This will uninstall the MongoDB Node driver used in the last tutorial, since we’ll be using Mongoose in its place.

$ npm install mongoose --save

Mongoose is an object modeling tool for MongoDB. It sits on top of the database and provides additional querying and validation support for the database. Most importantly, it allows for the definition of database schemas.

Think of a database schema as a set of rules that determine the type of data that can be inserted into the database. As an example, we could set up a schema so that a username in the database will always be a string, and that it is a required field. If someone were to try and insert a number or any other data type, an error would be thrown.

It’s extremely common to see Mongoose paired with Passport, and even more common to see Mongoose used in place of the default MongoDB Node.js driver. This, in part is due to the schemas mentioned above, but also due to the enhanced syntax. We’ll see some of that a bit later.

$ npm install dotenv --save

The dotenv package will allow us to store our private GitHub API information without it being exposed when uploading to a remote repository.

The package.json file should now look like:

{
   "name": "beginner-app",
   "version": "1.0.0",
   "description": "",
   "main": "server.js",
   "scripts": {
    "test": "echo \"Error: no test specified\" && exit 1"
   },
   "author": "",
   "license": "MIT",
   "dependencies": {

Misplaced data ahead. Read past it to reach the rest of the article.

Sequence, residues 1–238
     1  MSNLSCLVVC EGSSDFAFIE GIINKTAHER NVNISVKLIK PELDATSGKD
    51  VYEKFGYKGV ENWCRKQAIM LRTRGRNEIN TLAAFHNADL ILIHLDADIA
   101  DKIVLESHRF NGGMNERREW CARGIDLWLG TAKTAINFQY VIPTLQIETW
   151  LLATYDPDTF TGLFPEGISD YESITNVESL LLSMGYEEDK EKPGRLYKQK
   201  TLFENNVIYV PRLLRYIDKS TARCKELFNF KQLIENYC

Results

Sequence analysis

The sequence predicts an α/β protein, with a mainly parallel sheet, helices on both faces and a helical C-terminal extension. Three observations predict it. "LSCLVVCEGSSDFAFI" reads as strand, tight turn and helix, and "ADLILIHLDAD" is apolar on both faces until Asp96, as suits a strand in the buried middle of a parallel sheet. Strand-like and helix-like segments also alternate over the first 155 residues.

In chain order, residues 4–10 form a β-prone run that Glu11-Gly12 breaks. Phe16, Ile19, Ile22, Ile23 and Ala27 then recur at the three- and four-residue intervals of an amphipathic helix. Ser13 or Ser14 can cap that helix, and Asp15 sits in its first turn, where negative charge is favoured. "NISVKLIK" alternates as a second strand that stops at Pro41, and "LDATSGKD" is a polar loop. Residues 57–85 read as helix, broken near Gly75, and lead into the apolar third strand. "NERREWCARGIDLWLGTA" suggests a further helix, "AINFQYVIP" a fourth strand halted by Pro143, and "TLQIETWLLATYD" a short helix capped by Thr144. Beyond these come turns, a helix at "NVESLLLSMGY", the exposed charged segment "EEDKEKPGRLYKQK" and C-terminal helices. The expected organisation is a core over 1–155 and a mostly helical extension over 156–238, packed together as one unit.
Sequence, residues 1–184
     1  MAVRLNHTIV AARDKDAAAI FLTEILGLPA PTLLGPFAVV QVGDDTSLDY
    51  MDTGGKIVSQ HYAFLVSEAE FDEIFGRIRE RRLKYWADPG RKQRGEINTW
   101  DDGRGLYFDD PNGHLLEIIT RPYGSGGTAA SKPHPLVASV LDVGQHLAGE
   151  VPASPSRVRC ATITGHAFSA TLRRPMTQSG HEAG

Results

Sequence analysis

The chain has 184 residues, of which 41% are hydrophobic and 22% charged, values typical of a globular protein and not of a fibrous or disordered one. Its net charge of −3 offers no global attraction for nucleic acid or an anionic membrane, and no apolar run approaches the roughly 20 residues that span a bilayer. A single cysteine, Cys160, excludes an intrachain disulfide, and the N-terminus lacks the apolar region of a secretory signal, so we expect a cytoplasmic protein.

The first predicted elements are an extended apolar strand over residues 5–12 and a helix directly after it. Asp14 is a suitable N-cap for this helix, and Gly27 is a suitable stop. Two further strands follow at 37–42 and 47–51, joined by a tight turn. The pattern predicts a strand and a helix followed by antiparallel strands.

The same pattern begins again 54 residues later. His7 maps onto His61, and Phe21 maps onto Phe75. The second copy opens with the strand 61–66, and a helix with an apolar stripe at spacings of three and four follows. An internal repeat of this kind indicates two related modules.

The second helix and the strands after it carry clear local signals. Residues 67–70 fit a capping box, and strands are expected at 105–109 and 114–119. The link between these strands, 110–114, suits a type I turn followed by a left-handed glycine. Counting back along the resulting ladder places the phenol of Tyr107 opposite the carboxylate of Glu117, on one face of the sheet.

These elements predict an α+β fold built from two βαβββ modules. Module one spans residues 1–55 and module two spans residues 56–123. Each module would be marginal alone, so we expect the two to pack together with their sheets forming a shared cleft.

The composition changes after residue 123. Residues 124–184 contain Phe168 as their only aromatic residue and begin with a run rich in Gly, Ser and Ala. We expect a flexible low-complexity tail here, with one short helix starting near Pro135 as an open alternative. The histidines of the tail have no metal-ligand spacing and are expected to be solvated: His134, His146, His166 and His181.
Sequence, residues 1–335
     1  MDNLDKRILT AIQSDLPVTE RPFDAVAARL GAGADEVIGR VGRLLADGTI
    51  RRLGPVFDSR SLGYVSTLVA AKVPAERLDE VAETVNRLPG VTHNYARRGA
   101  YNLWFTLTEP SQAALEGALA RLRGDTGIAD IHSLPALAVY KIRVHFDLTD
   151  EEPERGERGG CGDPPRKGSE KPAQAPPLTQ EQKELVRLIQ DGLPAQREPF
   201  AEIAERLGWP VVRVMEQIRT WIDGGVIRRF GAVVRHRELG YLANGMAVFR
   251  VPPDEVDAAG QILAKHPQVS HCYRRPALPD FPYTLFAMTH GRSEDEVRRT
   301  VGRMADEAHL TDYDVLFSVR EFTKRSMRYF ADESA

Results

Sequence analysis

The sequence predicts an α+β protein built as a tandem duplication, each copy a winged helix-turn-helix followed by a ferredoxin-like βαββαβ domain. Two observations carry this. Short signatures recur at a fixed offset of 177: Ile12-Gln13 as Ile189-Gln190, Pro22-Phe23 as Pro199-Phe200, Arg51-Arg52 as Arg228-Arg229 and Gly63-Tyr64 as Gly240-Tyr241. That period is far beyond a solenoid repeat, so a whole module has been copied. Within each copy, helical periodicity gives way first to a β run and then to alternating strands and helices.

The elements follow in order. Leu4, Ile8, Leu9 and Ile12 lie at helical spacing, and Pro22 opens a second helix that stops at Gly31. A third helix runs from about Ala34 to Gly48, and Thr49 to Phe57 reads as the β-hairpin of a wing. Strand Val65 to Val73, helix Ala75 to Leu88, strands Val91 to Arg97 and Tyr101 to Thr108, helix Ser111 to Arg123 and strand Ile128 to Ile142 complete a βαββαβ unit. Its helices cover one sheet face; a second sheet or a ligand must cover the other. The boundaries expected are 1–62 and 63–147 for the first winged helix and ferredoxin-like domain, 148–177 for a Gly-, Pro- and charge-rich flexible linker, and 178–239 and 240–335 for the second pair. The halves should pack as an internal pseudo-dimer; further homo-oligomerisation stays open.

"dotenv": "^1.2.0",
      "express": "^4.12.4",
      "express-session": "^1.11.3",
      "mongoose": "^4.1.0",
      "passport": "^0.2.2",
      "passport-github": "^1.0.0"
   }
}

Updating the Folder Structure

Let’s go ahead and modify the folder structure to include some of the new functionality we’ll be covering.

+--	Project Folder
	+--	app
	|	\-- common
	|	\-- config
	|	\-- controllers
	|	\-- models
	|	\-- routes
	|
	+-- public
	|	\-- css
	|	\-- img

Project / Root Folder - The project directory. This directory contains:

  • app/common - This directory will contain common JS functions that will be used across more than one of our controllers.
  • app/config - The directory containing configuration files for Passport.
  • app/models - Directory for database models. In this case, this is where the Mongoose schemas will be defined. These models are definitions of desired data structure that will be inserted into the database.

The remainder of the folders are the same as the previous version of the app.

Mongoose Integration

Before we begin the integrating Passport and authentication, we need to update the current app to work with Mongoose instead of the MongoDB Node.js driver. This will require a bit of refactoring in our current code.

Server.js Cleanup

The first step will be to update the current server.js file so that it connects to the database using Mongoose instead of the current MongoDB Node.js driver.

server.js:

'use strict';

var express = require('express'),
	routes = require('./app/routes/index.js'),
	mongoose = require('mongoose');

var app = express();

mongoose.connect('mongodb://localhost:27017/clementinejs');

app.use('/controllers', express.static(process.cwd() + '/app/controllers'));
app.use('/public', express.static(process.cwd() + '/public'));

routes(app);

var port = 8080;